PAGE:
Let us go to the crime. Statistics show that crime has been diminishing, at the same time that immigrants have been growing. And we have statistics on contagious illness from the Health World Organization: Turkey is the country that has received in a short time more immigrants (over four million). There is no data to show an increase of contagious illnesses. And in Europe, Germany was the nation that received more immigrants in a short time. No data shows any increase in the field of contagious diseases.

Fear, according to historians, together with greed, is one engine of change of the course of history. When fear starts? With the economic crisis of 2008, made by an irresponsible finance, the only global sector of the world without control. The crisis made clear that globalization was a failure. Instead of lifting all boats as its propagandists proclaimed, lifted few boats, and make those unprecedently rich: now 80 individuals have the same wealth of 2.3 trillion of people. Greed did precede fear. After the fall of the Berlin Wall, the world went in an orgy of the private over the public. State was considered the enemy of growth. All social costs were slashed, wealth and instruction in particular, because they were considered non-productive. Bolsonaro in Brazil is still doing the same: he has cut the budget of universities, and he has announced that he wants to “discourage” philosophy and sociology, in favour of “practical studies”, like business, engineering and medicine. Gain was considered a central virtue. Companies were allowed to search the maximum profit, by delocalising in cheaper countries, large companies to put out of work local shops, reducing salaries, marginalizing trade unions. Globalization, in its neoliberal path, was considered unstoppable. “There is no alternative” - TINA - said famously Margaret Thatcher, who with Ronald Reagan was the siren.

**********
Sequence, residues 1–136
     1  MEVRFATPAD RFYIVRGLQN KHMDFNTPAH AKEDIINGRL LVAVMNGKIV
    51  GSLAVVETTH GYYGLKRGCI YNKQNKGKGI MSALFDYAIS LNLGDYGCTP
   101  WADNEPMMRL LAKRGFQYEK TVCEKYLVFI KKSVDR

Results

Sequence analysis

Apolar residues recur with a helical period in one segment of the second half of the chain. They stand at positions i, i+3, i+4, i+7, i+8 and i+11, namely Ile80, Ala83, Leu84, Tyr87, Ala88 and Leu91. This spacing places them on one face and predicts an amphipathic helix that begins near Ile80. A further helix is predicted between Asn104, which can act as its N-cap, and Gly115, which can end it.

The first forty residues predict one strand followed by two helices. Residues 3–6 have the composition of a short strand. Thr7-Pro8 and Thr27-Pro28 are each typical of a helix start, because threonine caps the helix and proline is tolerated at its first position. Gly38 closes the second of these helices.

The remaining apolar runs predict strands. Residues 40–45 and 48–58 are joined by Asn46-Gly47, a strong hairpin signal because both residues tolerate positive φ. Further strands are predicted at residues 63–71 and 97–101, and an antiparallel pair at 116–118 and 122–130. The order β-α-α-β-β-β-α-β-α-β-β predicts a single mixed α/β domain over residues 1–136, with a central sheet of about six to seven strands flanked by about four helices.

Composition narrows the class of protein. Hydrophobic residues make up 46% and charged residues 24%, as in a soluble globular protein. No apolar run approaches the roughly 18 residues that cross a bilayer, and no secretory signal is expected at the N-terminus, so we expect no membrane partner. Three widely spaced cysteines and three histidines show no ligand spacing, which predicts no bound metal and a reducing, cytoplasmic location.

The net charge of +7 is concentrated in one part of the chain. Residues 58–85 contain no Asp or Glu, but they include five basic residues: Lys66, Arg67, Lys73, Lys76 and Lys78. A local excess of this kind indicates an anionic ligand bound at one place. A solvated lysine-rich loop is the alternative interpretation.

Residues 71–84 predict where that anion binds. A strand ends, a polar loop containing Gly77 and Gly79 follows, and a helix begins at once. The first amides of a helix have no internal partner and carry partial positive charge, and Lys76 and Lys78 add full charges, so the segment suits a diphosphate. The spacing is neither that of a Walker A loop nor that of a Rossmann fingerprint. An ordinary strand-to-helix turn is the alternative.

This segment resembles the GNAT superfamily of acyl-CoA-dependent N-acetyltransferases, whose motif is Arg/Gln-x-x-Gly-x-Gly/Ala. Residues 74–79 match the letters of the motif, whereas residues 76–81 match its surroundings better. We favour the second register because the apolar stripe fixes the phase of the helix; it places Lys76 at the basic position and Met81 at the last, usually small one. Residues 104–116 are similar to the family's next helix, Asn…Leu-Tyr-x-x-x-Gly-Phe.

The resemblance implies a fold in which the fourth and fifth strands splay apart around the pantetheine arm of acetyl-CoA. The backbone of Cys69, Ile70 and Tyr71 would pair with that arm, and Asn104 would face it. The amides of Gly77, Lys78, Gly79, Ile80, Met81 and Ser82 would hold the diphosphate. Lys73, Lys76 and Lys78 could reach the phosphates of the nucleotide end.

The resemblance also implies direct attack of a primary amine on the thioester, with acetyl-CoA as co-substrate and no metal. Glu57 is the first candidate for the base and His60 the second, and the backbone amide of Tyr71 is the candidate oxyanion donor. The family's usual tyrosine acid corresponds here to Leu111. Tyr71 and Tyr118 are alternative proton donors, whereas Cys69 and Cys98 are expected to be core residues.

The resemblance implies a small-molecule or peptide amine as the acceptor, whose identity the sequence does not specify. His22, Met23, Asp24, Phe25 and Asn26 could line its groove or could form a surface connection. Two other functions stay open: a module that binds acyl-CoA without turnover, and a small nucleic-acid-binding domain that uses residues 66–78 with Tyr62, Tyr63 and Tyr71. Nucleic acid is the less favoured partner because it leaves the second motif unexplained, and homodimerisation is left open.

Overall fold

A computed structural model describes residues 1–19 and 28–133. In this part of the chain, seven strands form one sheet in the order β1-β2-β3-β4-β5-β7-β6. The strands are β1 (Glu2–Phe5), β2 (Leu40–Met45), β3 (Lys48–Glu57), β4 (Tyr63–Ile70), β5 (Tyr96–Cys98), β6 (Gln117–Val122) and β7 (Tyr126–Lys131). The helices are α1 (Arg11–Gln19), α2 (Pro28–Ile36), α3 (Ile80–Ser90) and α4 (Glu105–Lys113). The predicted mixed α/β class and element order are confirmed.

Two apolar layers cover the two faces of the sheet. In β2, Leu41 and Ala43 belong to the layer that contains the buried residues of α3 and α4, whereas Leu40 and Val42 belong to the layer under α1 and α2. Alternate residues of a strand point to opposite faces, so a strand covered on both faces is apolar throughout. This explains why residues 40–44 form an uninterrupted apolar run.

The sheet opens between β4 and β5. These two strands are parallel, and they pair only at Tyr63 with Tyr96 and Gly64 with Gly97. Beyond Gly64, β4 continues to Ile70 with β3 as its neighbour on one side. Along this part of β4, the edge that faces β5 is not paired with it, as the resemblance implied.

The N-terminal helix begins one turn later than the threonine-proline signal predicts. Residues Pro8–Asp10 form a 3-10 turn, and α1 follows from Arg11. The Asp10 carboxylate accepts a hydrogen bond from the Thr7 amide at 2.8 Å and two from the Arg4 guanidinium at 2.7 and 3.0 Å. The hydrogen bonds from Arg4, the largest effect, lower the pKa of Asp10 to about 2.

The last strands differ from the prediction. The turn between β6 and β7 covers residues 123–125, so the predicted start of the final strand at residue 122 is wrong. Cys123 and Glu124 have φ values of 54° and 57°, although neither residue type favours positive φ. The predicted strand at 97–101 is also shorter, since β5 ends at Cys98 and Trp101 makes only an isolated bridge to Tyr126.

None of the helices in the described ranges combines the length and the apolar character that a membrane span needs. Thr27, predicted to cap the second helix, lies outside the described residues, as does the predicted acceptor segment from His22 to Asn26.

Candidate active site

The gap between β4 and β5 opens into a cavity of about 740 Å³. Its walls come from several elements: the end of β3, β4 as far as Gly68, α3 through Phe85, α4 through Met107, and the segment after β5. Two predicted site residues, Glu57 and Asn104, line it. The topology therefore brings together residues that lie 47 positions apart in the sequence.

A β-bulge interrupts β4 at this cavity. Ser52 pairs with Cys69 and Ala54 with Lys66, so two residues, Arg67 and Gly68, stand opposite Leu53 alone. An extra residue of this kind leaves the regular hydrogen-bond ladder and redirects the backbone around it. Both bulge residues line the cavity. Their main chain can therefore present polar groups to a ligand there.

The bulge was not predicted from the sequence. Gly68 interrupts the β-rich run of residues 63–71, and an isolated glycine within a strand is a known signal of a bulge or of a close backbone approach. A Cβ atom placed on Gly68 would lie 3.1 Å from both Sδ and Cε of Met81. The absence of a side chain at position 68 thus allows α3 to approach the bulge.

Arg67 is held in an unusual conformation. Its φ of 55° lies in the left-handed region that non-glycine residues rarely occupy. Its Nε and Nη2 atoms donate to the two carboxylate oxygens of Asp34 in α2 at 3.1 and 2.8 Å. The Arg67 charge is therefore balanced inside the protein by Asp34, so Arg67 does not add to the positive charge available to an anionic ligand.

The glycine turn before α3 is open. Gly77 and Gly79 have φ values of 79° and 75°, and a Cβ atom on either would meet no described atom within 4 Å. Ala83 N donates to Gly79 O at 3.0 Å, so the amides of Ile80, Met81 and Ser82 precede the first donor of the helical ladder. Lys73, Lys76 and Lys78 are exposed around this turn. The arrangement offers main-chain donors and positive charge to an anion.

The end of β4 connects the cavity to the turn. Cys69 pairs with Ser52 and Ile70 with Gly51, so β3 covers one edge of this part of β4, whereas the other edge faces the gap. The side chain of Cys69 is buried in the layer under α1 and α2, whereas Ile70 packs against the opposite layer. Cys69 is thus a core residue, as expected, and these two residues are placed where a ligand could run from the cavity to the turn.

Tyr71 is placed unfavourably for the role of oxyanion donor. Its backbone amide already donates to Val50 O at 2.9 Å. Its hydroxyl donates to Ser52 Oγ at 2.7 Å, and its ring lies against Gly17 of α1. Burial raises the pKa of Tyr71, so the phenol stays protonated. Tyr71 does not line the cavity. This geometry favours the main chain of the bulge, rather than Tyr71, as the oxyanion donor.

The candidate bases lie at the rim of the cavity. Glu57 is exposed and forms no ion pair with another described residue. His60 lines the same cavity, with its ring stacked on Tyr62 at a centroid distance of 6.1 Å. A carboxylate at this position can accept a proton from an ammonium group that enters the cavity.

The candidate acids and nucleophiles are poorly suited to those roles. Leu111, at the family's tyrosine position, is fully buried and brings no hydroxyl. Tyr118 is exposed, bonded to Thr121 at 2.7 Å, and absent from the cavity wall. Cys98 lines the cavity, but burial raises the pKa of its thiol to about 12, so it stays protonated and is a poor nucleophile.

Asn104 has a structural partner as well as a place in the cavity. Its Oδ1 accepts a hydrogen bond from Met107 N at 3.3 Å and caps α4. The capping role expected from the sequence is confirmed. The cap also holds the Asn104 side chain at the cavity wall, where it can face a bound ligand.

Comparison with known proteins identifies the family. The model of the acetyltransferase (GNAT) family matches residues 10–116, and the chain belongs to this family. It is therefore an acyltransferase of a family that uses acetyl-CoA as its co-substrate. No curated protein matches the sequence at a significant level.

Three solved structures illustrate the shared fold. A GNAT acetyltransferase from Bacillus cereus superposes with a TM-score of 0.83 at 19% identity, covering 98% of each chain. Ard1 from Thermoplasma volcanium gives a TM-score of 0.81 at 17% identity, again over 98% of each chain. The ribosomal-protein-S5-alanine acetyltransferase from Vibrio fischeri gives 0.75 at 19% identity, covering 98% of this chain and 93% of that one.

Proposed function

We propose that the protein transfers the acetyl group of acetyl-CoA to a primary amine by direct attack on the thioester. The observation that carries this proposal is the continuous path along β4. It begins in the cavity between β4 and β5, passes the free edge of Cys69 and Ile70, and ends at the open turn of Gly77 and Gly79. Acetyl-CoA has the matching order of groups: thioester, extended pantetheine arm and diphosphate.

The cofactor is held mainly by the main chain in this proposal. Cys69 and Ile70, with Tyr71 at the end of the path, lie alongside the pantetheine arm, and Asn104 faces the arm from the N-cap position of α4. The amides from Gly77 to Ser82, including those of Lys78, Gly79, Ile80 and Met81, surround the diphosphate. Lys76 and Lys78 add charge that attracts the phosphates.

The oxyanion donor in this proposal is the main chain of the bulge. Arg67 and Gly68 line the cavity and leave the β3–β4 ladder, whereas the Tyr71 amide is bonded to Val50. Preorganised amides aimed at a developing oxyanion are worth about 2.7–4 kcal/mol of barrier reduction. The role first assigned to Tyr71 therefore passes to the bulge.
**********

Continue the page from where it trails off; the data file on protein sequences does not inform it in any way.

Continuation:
The tide was so strong, that it was called “la pensée unique”. The left, at first did not have an answer. But then the British Prime Minister Tony Blair, in 2003, come out with an alternative proposal. As globalization is unstoppable, let us ride it, and let us try to tame it: The Third Way. That in fact, meant an acceptation of globalization. The result was that the social democracy tamed very little, and the losers of the globalization did not feel any longer defended by the left. Globalization made mobile all what was remunerable: finance, trade, transportation, and left to the state only the responsibility of what was not movable: education, health, pensions, and all social costs.